Thursday, January 19, 2006

Devil's Cub

I have managed to borrow a fe w of Georgette Heyer's, ostenisbly for research as I am probably writing a Regency after my current wip. I am still up in the air on this one and will probably speak to my editor about it. Basically if the Roman series goes well, I want to write more Rome but there again I know Regency does well and it could be useful to increase one's profile.

A decision for a later date.

Anyway, the Heyers have jumped the list in my TBR pile -- for obvious reasons. I loved them when i last read them about 20 years ago and wanted to know if they were still just as good.
Devil's Cub is excellent -- or at least the main story is -- some of the secondaries can get wearisome. But my sister says that I was ever thus -- always saying but I would do such and such. Here I would like to see more interaction between Vidal and Mary. There were a few narrative bridges that would have worked better as full blown scenes. It has also answered some of my own problems with Lupus. Why certain bits weren't working. Now with a few tweaks, all will be right -- or so I hope...

Still I am able to read it like a story and to take a trip down memory lane.

Vidal is a wonderful hero, but he is not ambigous. Thereader first meets him dispatching a highwayman with great aplomb. Heyer makes him appear a hero, even though later he does several unhero like things.

If you haven't it recently, it is a great read and master class in how to make a rake, a sympethic and appealling hero.


Anonymous said...

Devil's Cub is my absolute favourite Georgette Heyer. Vidal is well...just is.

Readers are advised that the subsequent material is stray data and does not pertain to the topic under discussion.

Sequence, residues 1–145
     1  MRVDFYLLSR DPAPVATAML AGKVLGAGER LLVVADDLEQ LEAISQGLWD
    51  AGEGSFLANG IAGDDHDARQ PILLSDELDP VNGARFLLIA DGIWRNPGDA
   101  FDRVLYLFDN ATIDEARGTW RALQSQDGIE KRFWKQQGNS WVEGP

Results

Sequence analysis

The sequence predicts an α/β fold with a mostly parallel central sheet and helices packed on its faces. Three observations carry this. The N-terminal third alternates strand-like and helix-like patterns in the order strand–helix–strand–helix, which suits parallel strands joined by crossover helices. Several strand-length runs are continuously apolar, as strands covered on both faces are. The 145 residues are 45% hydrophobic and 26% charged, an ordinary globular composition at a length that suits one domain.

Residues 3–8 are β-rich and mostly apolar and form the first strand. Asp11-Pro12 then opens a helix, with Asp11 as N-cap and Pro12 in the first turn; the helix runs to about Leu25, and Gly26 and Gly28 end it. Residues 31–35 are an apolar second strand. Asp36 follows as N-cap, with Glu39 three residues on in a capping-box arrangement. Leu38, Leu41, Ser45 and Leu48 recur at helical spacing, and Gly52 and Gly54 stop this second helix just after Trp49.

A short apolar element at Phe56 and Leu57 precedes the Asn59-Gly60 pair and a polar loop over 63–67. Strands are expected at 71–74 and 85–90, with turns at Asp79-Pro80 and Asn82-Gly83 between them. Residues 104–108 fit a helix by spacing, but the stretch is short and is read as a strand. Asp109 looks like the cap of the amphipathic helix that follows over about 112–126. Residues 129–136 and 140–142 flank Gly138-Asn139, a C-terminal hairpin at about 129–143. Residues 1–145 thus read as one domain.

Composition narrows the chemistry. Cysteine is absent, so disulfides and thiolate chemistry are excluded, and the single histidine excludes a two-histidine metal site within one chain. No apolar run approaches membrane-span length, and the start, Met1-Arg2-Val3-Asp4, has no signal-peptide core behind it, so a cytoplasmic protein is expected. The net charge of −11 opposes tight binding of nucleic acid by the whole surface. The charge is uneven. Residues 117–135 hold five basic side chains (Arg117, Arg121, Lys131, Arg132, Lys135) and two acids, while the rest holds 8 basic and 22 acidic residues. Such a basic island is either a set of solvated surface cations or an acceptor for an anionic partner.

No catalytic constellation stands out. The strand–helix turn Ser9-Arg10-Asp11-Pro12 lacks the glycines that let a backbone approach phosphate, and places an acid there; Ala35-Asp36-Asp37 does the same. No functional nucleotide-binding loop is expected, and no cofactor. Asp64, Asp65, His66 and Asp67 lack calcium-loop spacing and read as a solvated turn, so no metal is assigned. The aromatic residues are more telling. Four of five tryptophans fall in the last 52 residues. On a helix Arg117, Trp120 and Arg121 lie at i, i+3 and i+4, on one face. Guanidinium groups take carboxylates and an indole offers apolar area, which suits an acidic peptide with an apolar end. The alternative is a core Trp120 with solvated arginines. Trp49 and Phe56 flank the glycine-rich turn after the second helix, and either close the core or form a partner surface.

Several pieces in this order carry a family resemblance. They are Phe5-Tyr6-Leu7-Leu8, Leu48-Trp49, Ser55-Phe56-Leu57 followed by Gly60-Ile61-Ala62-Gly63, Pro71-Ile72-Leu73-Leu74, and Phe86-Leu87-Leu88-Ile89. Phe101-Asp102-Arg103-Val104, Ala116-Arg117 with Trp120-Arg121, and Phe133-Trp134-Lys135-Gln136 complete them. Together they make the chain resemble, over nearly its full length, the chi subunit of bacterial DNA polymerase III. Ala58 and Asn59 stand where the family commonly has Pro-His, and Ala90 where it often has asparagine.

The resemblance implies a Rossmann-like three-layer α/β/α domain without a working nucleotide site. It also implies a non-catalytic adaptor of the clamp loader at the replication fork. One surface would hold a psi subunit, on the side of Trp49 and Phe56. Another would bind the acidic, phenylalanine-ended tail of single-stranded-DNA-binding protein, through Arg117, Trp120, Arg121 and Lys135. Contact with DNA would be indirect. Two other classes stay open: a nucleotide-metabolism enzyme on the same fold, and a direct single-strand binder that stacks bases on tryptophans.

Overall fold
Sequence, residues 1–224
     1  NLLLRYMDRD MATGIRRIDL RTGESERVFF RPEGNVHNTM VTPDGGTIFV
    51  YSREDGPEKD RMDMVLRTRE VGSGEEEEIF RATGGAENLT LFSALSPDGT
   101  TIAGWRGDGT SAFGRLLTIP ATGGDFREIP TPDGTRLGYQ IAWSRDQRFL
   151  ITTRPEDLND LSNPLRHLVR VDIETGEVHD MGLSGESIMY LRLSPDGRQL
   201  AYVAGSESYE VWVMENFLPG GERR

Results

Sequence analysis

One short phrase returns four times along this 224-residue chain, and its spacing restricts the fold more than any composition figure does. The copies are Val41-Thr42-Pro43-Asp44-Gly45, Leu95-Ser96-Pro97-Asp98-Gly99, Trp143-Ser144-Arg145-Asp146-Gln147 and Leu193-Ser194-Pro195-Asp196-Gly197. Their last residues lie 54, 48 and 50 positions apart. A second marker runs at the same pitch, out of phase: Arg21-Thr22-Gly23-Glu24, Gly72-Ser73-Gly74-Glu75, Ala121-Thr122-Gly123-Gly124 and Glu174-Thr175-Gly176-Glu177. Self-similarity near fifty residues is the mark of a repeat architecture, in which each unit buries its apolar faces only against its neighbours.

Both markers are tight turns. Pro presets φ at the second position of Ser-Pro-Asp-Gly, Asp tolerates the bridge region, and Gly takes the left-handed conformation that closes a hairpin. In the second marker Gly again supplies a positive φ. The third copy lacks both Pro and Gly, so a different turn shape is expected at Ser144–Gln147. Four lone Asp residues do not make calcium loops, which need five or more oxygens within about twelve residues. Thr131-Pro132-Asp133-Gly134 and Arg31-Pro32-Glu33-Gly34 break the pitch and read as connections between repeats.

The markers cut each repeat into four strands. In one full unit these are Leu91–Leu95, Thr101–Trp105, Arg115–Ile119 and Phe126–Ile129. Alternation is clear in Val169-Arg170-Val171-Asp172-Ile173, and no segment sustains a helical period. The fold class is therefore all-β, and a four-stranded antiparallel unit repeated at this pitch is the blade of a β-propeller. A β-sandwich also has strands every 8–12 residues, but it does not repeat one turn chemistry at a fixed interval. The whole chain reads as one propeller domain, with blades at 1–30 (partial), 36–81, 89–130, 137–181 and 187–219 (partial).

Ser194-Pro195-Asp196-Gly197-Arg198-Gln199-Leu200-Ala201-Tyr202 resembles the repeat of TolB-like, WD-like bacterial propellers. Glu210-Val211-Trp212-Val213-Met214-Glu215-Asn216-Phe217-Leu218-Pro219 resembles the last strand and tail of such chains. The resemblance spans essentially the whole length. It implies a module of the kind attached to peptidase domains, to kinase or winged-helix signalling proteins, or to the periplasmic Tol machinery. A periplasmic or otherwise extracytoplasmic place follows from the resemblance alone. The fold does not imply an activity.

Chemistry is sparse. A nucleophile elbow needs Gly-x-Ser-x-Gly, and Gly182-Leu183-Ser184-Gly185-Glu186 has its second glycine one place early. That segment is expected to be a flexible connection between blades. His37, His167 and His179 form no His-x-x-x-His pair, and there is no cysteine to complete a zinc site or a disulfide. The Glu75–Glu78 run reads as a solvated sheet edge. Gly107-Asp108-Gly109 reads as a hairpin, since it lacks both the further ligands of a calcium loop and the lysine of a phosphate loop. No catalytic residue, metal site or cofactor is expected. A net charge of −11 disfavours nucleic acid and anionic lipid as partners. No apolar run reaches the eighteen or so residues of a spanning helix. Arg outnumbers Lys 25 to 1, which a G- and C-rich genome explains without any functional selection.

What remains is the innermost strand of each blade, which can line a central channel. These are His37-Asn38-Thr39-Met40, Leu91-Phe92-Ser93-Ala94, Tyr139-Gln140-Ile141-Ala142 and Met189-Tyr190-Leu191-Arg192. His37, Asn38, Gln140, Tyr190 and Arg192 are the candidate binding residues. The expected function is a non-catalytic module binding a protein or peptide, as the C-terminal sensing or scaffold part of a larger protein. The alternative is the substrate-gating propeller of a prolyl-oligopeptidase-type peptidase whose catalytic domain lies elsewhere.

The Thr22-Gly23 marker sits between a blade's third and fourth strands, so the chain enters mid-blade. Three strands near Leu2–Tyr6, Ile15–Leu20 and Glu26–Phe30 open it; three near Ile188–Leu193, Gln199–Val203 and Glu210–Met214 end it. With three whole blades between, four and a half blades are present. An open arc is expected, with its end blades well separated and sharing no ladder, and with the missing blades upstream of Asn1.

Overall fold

It's funny my Mum phoned this morning and said she's reading Old Shades.


Anonymous said...

When I was cleaning out the garage in Mtn. View, CA, before moving to Virginia, I came across your old high school notebooks. I sent them to you over five years ago. Of course, I read them before sending them off to you. I also read all the comments in your yearbook. (I am your litte sister, after all.) You wrote about how you wanted to be a writer. You had written short romance stories in your notebook too. We would swap Joanna Lindsey books and you'd say that you could write this. Now you have! I'm very proud of you.

Michelle Styles said...

Yes, Sue Vidal just is. He is also an object lesson how to make a potentially morally ambigous hero, very heroic and sympathetic.

And yes, I remember about the swapping of Johanna Lindseys and the fact that our mother threw some of them out. Most annoying that one. Still at least she no longer tells me that I am wasting my time reading romance.

Nell Dixon said...

I have a confession. I've never read Georgette Heyer. (Ducks) I don't know why, they just never seemed my thing. I keep listening to you and reading Stephen's blog, maybe, one day I'll get round to it.